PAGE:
We didn’t get the SUV we requested. Instead, we got a Kia Sportage (or, as the receptionist said it, “Esportage”).

It did not have fantastic acceleration. I drove to the Hoover Dam.

From there, I drove through miles of Arizona desert and mountains to the Hualapai reservation to their portion of the Grand Canyon. It was two hours closer than the national park entrance and I wanted to give natives my money.

It goes without saying that the canyon is utterly beautiful. Our tour included two overlooks. The best was Guano Point, where I scaled numerous rocks to get sweeping views of the canyon. Additionally, I survived taking a cliffside selfie.

Renée got altitude sickness but was a trouper and drove back to Vegas. Once we returned, I walked to a 7-Eleven to get her a soda.

The 7-Eleven got robbed while I was there.

california (and nevada and arizona) dreamin’

Since I last left you, I saw a friend become a naturalized citizen and our vacation has fully come into view. Beyond that, I’ve just had a cycle of dog poop, cook, work, dog poop, sleep that I can’t wait to break for a few days.

I have a terrible case of senioritis. I hate that it comes with three solid days of extra duties at work.

All I can think about is driving to the Hoover Dam and a Grand Canyon overlook, spending an open-ended six or so hours in Los Angeles and seeing what else there is to do in Las Vegas beyond gamble.

And having a change of venue to write.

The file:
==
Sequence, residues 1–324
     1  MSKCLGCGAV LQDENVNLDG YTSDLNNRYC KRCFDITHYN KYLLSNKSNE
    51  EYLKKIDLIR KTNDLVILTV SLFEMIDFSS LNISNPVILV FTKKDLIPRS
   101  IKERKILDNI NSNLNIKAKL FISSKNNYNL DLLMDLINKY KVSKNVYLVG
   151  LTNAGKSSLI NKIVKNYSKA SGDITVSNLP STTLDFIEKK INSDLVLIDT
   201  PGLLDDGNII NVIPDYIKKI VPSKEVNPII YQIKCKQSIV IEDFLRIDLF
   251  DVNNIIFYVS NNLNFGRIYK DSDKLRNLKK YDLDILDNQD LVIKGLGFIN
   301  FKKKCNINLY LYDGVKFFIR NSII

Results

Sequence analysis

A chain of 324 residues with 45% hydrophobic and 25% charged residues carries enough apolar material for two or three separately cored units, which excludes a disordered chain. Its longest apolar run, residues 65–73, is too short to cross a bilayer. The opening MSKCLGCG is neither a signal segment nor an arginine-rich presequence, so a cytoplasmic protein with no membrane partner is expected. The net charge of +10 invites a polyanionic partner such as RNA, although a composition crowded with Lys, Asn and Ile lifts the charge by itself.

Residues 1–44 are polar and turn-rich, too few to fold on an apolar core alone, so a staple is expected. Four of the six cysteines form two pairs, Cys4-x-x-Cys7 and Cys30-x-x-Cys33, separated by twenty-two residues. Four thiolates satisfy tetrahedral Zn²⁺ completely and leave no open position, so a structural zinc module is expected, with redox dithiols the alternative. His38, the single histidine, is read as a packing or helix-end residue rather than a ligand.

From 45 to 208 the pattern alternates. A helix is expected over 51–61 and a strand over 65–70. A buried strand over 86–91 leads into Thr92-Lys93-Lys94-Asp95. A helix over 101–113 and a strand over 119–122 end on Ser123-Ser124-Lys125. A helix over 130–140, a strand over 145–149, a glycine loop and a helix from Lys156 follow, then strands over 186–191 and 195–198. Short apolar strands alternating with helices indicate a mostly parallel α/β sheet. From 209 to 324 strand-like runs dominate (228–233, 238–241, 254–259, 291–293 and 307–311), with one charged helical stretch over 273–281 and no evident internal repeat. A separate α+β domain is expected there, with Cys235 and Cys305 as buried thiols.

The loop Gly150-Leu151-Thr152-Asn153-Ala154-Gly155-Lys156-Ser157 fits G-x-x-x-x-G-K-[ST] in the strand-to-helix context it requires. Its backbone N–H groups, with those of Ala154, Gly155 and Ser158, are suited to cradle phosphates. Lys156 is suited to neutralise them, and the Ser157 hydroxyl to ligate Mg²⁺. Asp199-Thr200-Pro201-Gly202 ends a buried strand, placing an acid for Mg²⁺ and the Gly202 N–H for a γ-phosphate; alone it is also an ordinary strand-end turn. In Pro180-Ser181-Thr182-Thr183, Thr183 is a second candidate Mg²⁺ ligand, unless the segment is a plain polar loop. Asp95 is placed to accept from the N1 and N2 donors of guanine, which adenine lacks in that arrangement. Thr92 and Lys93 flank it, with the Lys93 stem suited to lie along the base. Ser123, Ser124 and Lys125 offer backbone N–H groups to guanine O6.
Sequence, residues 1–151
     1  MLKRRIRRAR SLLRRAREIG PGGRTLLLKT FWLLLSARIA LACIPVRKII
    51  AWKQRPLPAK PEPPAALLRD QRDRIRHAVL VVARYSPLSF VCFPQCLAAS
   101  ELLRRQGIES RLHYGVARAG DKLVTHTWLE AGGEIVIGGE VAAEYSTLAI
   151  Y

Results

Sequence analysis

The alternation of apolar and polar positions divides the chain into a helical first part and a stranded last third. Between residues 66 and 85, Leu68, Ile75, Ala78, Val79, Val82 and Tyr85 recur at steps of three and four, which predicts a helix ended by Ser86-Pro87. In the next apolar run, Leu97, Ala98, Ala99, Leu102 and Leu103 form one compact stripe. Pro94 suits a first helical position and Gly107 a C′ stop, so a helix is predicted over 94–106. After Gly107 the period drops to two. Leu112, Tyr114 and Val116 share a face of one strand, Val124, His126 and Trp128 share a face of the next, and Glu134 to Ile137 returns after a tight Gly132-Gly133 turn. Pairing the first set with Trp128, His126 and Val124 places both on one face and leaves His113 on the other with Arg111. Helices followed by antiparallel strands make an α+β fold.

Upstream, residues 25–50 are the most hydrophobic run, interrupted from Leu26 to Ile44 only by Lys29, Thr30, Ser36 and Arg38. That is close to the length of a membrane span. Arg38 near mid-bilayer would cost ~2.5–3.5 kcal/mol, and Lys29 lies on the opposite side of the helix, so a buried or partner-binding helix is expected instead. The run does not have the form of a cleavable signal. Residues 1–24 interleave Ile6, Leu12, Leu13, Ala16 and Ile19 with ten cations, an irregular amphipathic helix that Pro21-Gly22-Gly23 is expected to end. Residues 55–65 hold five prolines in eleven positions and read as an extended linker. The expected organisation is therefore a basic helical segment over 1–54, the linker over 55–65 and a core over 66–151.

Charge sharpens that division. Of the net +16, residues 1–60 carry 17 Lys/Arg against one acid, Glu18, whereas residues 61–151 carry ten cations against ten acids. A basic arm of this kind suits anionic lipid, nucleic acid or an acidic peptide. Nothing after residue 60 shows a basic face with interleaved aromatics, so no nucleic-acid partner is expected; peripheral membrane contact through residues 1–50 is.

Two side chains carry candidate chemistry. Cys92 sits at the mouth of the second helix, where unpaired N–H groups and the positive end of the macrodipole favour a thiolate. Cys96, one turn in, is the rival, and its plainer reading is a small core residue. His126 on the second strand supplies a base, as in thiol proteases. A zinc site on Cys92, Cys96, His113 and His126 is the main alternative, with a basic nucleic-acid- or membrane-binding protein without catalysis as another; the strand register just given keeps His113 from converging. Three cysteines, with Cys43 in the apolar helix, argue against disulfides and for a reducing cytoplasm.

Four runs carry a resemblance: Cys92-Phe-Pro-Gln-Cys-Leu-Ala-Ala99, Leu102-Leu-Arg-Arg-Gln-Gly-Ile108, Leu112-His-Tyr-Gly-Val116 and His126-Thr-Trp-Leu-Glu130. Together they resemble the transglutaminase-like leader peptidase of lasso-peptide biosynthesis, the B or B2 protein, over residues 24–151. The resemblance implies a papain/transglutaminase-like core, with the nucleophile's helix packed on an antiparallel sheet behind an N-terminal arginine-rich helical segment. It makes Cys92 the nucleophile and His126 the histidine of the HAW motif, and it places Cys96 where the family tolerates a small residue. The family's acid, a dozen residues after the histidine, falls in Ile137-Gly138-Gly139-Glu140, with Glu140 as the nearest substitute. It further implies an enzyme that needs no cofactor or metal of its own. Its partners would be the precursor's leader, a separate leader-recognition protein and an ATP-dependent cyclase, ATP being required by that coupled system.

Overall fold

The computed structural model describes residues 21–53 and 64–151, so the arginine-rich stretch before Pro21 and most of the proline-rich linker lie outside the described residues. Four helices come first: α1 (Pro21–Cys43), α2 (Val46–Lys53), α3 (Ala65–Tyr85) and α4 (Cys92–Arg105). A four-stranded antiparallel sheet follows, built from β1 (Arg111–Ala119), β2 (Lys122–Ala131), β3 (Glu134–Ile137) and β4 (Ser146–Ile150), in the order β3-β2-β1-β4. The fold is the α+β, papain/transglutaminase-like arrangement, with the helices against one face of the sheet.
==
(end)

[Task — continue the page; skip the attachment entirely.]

And celebrating my birthday and my anniversary.

And how this very well could be our last great trip before we leave the 18-34 demographic.

This will be my 18th epic trip since keeping track in 2004 and my first one to states I haven’t driven from Virginia. This is a big step for me. As I said last year, I have nothing against flying — I just love driving that much.

So, of course there will be driving. I’m mostly pumped about renting a car and going to Arizona and then heading to L.A. because I’ve heard so much about how I’d probably hate it because, in general, people allegedly are New York people or L.A. people and rarely both. I have absolutely no idea what we’re going to do there. I don’t have anything I want to see in that city except the Pacific and maybe the Watts Tower, and I’ll be utterly shocked if Renée doesn’t want to go to Rodeo Drive. I have vague plans to meet one of my fraternity brothers and get food. My goal is to arrive no later than 2 p.m. on whatever day we go there and leave no later than 9 p.m.

We played Miami (and our spontaneous trip to Key West) loose, and I enjoyed it that way. I hope to replicate that.

The only thing I’m not looking forward to is the heat. The current extended forecast has it being no cooler than 112 in Vegas the entire time, the mid 90s along the Colorado River and 90 in L.A.